Authority by Consent
This idea adds a new wrinkle to the standard LDS definition of priesthood. Priesthood is more than just an abstract agency granted by the Lord to speak or act in his name. It is also authority sanctioned or consented to by peers. Unless a person in a position of authority has the consent or approval of those over whom he or she exercises authority, then that authority lacks power—in essence, it is meaningless or empty. And this idea becomes even more significant when we understand that the modern Church, as it was initially established, was both a theocracy and a democracy. For instance, we read in one of the earliest revelations to the Church: “All things shall be done by common consent in the church, by much prayer and faith” (D&C 26:2, emphasis added). In other words, authority in the Church is not just an institutional authority granted to leaders through approved priesthood channels; it is also a consensual matter, contingent upon the approval of the rank-and-file members. We also read, “No person is to be ordained to any office in this church, where there is a regularly organized branch of the same, without the vote of that church” (D&C 20:65, emphasis added). These verses suggest that, at least in theory, the Church is not just a top-down, authoritarian hierarchy. Indeed, the very name of the Church suggests as much. It is the Church of Jesus Christ, but it is also the Church of the Latter-day Saints. The name is a dual possessive. Sometimes we just assume it is the Lord’s church and that’s all there is to it. But it appears that he expects something more of us.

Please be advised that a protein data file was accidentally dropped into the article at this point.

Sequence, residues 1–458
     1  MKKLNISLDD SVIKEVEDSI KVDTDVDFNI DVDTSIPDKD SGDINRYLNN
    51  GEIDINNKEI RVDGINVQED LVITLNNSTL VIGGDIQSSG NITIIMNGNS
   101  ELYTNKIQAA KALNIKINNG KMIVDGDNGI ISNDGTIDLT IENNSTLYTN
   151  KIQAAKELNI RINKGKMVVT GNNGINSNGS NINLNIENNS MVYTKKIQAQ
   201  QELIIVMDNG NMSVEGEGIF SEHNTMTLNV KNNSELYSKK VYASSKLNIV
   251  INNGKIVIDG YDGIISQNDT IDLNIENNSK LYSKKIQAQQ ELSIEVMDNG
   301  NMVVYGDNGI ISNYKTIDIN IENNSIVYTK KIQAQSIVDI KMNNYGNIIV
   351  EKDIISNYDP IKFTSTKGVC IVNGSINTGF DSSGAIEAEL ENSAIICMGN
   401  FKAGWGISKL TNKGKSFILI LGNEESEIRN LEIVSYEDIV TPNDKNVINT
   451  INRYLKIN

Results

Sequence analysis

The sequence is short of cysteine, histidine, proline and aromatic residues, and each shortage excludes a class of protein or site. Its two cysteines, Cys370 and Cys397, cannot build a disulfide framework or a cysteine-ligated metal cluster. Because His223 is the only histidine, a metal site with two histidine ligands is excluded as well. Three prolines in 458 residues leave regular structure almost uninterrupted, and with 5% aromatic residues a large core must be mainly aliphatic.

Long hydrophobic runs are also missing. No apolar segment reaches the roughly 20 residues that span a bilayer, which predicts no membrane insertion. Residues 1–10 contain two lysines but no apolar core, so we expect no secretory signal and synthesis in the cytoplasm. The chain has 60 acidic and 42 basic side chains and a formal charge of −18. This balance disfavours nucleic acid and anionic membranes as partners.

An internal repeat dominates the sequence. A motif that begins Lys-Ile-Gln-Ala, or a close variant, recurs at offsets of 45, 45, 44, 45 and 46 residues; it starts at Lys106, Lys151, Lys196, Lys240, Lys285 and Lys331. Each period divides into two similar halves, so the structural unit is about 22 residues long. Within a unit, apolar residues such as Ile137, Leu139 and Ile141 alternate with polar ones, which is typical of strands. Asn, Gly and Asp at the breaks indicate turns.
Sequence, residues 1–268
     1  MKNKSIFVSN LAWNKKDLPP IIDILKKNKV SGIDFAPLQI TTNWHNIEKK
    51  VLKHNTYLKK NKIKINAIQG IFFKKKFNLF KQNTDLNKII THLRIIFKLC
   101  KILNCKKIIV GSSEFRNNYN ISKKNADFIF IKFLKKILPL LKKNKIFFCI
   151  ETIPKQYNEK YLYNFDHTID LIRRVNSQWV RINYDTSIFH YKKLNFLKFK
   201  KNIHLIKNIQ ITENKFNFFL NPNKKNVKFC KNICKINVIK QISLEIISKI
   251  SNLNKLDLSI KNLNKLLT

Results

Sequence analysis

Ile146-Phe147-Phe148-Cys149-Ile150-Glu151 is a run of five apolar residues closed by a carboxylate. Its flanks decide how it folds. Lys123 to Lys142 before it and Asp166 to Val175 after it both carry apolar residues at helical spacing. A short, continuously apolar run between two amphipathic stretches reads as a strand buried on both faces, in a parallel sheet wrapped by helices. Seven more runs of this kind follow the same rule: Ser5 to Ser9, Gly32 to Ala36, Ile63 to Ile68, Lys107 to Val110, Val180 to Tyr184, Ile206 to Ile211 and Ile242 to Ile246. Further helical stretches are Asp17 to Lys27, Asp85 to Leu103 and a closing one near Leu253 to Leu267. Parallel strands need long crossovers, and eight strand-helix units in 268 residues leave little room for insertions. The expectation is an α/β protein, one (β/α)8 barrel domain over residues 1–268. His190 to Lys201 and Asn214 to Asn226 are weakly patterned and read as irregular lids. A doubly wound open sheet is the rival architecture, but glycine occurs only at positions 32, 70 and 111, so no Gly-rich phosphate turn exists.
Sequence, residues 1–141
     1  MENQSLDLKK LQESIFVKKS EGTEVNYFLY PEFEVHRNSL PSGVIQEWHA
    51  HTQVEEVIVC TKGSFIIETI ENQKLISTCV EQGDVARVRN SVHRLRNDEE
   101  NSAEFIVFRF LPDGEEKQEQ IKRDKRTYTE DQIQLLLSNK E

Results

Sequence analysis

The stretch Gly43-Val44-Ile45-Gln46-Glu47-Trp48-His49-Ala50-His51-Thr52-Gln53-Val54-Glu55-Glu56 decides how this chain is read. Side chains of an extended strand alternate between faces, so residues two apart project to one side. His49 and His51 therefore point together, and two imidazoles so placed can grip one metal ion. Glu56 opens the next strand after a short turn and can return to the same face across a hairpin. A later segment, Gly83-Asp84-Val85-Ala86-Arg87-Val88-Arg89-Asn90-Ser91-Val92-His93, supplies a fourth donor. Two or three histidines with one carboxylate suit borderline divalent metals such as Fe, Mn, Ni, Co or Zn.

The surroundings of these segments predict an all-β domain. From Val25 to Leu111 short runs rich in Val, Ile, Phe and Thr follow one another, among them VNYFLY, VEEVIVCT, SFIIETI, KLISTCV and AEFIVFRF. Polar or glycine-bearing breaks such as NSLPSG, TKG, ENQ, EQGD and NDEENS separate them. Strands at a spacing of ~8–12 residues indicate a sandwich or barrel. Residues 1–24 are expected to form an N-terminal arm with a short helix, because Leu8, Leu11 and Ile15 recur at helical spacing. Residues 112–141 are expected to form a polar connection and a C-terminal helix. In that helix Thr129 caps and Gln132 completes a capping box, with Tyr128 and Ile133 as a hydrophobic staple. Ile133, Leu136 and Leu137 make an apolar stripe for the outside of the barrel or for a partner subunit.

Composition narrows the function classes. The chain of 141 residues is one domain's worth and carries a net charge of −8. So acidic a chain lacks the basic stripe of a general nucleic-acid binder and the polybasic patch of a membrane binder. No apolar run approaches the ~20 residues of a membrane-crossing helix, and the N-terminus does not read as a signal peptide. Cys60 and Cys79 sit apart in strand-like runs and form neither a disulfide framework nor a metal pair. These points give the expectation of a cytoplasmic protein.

This notion of consensual authority is central, I believe, to the whole framework of eternity of which we are a part. This idea will come up in more detail in part 14 of this series, so file it away somewhere for future reference. In the meantime, I’ll begin next week to address the modern LDS understanding of priesthood and how it differs from ancient priesthood.
1. Gregory A. Prince and William Robert Wright, David O. McKay and the Rise of Modern Mormonism (Salt Lake City: University of Utah Press, 2005), 150. This remark came in the context of the Correlation movement and the organizational changes the Correlation Committee was proposing for the Church, which included, according to Ed Kimball, son and biographer of President Spencer W. Kimball, “applying management practices that were standard in the American business world.” Edward L. Kimball, Lengthen Your Stride: The Presidency of Spencer W. Kimball (Salt Lake City: Deseret Book, 2005), 249.
2. Terryl L. Givens, “Paradox and Discipleship,” Irreantum 11, nos. 1–2 (2009): 39.